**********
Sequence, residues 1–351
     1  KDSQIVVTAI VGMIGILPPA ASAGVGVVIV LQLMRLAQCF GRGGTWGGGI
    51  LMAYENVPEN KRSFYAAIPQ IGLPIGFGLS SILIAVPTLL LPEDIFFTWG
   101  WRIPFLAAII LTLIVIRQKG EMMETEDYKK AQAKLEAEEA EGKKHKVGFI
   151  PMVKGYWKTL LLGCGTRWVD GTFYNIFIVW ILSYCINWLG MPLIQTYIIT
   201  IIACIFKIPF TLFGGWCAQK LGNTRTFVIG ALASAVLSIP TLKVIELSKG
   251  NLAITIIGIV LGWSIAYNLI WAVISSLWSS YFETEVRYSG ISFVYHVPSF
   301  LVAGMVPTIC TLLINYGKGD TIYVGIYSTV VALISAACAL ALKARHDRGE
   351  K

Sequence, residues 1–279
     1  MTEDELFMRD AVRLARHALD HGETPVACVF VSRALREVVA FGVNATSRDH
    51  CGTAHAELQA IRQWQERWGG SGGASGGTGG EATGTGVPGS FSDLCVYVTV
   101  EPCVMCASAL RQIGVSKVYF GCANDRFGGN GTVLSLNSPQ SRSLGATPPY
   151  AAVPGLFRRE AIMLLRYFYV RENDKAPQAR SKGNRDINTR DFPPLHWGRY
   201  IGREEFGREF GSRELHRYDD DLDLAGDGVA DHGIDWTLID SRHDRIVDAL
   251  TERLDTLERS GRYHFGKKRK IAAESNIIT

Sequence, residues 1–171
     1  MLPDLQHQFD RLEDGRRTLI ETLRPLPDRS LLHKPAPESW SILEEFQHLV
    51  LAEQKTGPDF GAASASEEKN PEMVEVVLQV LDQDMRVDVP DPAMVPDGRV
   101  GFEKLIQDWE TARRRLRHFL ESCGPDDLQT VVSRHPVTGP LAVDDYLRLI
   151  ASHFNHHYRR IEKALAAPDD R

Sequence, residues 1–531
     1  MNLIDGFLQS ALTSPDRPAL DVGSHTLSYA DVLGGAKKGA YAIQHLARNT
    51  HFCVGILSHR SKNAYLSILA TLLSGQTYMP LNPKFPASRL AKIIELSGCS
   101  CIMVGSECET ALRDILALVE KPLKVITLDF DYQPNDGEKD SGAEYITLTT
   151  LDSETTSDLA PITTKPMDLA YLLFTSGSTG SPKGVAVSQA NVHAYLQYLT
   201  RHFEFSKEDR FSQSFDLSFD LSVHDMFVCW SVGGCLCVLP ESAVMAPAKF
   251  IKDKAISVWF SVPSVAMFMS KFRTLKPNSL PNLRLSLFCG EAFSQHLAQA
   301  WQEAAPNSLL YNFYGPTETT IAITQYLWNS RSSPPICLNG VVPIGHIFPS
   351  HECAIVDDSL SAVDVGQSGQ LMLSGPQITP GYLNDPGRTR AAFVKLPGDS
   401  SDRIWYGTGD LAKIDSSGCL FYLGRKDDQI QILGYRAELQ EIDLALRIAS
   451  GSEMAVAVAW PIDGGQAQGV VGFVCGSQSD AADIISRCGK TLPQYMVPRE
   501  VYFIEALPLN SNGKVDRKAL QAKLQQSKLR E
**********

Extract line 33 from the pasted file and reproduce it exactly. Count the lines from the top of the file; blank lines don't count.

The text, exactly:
   501  VYFIEALPLN SNGKVDRKAL QAKLQQSKLR E